Musician and writer Banning Eyre heads to the American state of Georgia, gateway to the Deep South, and southern end of the Appalachian Mountains, to record some of the unique vocal music that has been preserved in the area, and meet the personalities who have kept the traditions alive.
He meets 92 year old blind gospel legend Sister Fleeta Mitchell, who still sings and plays the piano alongside her musical companion the Revd Willie Mae Eberhardt, herself in her late 70s. Together they recall disturbing tales of life in the south, and the songs that gave people hope.
Banning drops in to the converted chicken shack that is home to Phil Tanner and the Skillet Lickers, to hear them in their weekly session. Phil is the grandson of chicken farmer Gid Tanner who in 1924, with the original Skillet Lickers, became the first southern rural artist to record for the Columbia record label, and whose blend of music and comedy sold millions.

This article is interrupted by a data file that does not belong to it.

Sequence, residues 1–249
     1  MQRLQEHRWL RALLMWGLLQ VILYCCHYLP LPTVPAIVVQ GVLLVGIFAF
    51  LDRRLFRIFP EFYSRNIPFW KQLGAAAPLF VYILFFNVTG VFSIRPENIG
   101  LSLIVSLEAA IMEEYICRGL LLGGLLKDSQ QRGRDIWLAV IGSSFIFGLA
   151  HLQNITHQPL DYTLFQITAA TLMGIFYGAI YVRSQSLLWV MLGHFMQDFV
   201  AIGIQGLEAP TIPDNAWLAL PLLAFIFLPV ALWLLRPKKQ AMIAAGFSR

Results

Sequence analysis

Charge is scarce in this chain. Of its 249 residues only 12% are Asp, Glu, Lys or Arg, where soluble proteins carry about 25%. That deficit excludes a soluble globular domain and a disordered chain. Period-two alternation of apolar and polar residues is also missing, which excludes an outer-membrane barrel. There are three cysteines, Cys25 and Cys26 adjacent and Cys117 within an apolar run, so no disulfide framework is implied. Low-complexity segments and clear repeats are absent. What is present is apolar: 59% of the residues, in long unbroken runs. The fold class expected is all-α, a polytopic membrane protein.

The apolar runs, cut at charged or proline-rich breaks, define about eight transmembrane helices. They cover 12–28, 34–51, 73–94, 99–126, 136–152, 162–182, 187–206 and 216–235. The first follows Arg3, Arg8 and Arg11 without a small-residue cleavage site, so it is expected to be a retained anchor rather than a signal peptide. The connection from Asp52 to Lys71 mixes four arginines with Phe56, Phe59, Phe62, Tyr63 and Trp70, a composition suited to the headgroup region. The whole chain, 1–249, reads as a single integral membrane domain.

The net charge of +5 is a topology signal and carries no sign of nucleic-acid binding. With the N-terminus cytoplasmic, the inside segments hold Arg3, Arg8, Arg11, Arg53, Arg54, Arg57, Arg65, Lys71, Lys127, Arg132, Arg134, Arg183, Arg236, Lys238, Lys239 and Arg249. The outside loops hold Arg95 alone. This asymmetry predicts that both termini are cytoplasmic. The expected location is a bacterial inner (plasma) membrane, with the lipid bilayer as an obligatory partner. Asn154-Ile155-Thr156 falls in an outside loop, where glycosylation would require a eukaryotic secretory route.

The Myers Family and Friends, a singing family of guitar playing ladies, recall the songs they sang as children for corn shuckings and bean stringings, and local artist and folk song collector Art Rosenbaum talks about the unique character of North Georgia, and picks a tune on one of his many banjos.
As well as the banjos and the ballads, Banning also attends the 141st Annual Alpharetta June Singing, and discovers that the 19th Century tradition of congregational 'shape note' singing still lives on in the south.